Comprehensive coverage

Forum - Online Tai Chi Battle / Guobin Yang

China's Twitter generation prepares to fight the "Great Firewall"

China - an emerging economy. Illustration: shutterstock
China - an emerging economy. Illustration: shutterstock

Barely two months have passed since Xi Jinping was announced as the new leader of China in November 2012, and it already seems that the Twitter generation is beginning to prevail over the country's status quo regime. Clumsy censors wrote an editorial in the Southern Weekend newspaper without notifying the editors, and even added a glaring historical error. Censorship is commonplace in China, especially when it comes to liberal magazines like Southern Weekend, but this time the editors did not go over it in silence. They cried foul on China Weibo, China's popular micro-blogging platform, and spread a call for the removal of the person in charge of government propaganda in the province. Citizens of the network joined the call and signed online petitions, and protesters appeared on the streets of Guangzhou.


The event recalled the "Arab Spring" during which revolts originating in part from social media overthrew despotic regimes in the Middle East and North Africa. Indeed, the Chinese authorities caved in to the protesters in Guangzhou, and reportedly gave the paper greater independence in its future operations. This incident marks a new level of openness in the way Chinese authorities deal with protest online and in the streets. Some commentators said the incident could be a sign of even more radical political change to come. However, the chance of this is not great.

For more than ten years, China's ruling Communist Party has been under pressure from emerging information technologies: the Internet, blogs, and social media. In Western eyes, what is happening in China is often seen as a struggle of rebels against an autocratic state. But it is more accurate to think of China's social media revolution as a tai-chi-style competition: a protracted tangle of slow steps and tactical retreats, the outcome of which is not determined by a few powerful blows. The state authorities and disgruntled citizens perform a kind of semi-dictated war dance, changing their position constantly to evade or absorb the strength of the opponent while waiting for the right moment to attack themselves.

The same technology that helps citizens communicate with each other and organize also helps central and local government create smoke screens and confuse. China is aggressively censoring websites in order to reduce expressions of dissent and protest online. Often, following the appearance of a new online protest, new regulations are put in place and sites are forcibly shut down. This is what happened in 2000, when the first regulation for the regulation of electronic bulletin boards was implemented. After crude sanctions failed to stop the protest online, the government turned to more sophisticated measures: seeding anonymous commenters on the Internet in order to promote the partisan line of thought in the blogging community. According to a report produced by the official news site People's Daily Online, at the end of 2012 Sina Weibo alone had more than 60,000 active government accounts. The government, thanks to its vast resources, can pour out a large amount of information through the Internet in order to defuse any controversy.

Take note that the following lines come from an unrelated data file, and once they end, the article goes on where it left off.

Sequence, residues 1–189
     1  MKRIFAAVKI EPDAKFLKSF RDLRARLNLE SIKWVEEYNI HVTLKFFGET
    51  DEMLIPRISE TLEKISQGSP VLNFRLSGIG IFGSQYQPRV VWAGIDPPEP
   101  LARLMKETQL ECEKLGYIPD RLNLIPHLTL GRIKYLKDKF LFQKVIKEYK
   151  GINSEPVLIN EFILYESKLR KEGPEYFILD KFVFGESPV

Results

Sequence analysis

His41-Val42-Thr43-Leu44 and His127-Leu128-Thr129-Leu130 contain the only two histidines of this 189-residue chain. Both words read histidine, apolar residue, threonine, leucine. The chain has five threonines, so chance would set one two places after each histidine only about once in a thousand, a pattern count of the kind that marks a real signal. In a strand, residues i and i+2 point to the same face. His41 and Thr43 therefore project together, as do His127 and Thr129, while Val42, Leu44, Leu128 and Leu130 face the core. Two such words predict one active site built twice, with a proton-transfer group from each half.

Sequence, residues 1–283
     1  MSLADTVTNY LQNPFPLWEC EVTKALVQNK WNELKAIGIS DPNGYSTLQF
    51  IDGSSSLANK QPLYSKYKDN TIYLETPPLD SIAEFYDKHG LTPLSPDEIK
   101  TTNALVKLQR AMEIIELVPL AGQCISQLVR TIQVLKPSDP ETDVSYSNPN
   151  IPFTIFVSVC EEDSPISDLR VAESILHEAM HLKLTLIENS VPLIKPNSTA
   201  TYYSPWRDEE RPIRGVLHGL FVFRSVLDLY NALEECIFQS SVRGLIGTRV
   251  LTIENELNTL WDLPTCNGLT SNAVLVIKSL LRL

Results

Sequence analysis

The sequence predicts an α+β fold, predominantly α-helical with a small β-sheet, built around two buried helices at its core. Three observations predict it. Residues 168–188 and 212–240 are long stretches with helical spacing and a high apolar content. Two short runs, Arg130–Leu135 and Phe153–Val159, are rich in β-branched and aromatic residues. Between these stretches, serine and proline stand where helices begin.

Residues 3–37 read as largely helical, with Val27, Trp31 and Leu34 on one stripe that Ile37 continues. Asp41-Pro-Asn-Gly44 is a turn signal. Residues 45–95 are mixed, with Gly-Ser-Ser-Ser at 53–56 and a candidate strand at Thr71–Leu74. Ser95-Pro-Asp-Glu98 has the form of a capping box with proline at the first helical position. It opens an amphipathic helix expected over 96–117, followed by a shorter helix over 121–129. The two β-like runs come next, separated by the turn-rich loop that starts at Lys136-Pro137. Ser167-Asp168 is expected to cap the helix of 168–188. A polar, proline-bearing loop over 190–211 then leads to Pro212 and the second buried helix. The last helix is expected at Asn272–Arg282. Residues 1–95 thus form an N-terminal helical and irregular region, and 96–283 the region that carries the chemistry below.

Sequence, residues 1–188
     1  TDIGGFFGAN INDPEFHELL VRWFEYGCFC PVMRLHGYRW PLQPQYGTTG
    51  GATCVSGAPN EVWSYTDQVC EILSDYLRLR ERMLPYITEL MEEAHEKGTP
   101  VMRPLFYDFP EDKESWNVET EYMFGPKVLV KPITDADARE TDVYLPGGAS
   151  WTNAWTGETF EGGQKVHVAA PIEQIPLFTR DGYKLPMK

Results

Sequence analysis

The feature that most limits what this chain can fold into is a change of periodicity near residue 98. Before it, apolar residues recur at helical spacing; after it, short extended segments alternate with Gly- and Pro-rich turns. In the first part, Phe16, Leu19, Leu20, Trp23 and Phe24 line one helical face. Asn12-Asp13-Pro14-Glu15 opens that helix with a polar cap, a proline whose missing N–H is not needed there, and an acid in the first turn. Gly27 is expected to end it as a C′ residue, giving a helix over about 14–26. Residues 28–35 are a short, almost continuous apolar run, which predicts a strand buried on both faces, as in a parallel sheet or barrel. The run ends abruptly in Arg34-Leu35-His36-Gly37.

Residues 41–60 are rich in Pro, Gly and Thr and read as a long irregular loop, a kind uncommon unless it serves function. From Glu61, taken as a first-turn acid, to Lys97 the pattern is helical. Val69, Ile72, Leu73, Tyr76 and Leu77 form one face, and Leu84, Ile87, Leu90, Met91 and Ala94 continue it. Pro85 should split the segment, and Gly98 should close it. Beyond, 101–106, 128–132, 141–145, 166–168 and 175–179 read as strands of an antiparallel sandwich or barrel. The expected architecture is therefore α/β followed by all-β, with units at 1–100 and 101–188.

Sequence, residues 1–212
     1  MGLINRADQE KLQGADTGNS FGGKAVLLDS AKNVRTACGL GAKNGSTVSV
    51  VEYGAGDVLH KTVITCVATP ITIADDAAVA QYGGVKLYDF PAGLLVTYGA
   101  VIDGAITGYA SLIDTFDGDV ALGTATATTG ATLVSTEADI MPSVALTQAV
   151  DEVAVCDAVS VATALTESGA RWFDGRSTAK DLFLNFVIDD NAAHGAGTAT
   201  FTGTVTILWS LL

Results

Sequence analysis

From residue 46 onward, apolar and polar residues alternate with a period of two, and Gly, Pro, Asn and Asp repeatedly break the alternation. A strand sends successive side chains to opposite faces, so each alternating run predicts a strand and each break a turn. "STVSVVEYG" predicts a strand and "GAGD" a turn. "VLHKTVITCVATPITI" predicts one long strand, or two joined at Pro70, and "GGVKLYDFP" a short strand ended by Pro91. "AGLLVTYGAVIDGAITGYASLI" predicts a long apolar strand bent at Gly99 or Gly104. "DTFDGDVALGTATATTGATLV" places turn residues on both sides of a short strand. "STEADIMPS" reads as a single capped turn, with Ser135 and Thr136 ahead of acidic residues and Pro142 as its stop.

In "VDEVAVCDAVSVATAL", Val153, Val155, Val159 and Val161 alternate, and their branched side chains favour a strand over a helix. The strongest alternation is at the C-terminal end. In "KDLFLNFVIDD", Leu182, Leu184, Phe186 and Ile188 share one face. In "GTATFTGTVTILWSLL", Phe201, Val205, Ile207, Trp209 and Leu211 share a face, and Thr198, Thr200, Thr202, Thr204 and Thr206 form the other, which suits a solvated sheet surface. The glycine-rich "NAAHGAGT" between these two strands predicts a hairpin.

The citizens of the network and the activists fight back in creative ways. To avoid filtering by keywords, they talk about sensitive topics using historical references, puns and similar methods. Some gain access to blocked websites, such as Twitter, with the help of software and proxy servers. They adapt, compromise, withdraw or exert counter pressure while carefully assessing the circumstances and taking advantage of opportunities. Their number is increasing. In December 2010, there were 63 million microbloggers in China, out of 457 million Internet users. Today, more than 300 million Chinese are engaged in microblogging.

The tide of online protest in recent years has forced the state to recognize more the legitimacy of opinions expressed online. However, the Southern Weekend story shows that there is no revolutionary simmering here that threatens to erupt, but negotiations between the authorities and the rebels. Sina and Yabo quietly tightened the supervision and the screening in it. The police came to the protesters in Guangzhou, but did not resort to violence and the matter ended peacefully. No senior member of the party was removed from his position.


About the author

Guobin Yang is a professor at the University of Pennsylvania and the author of The Power of the Internet in China: Online Civic Activism (Columbia University Press, 2009).

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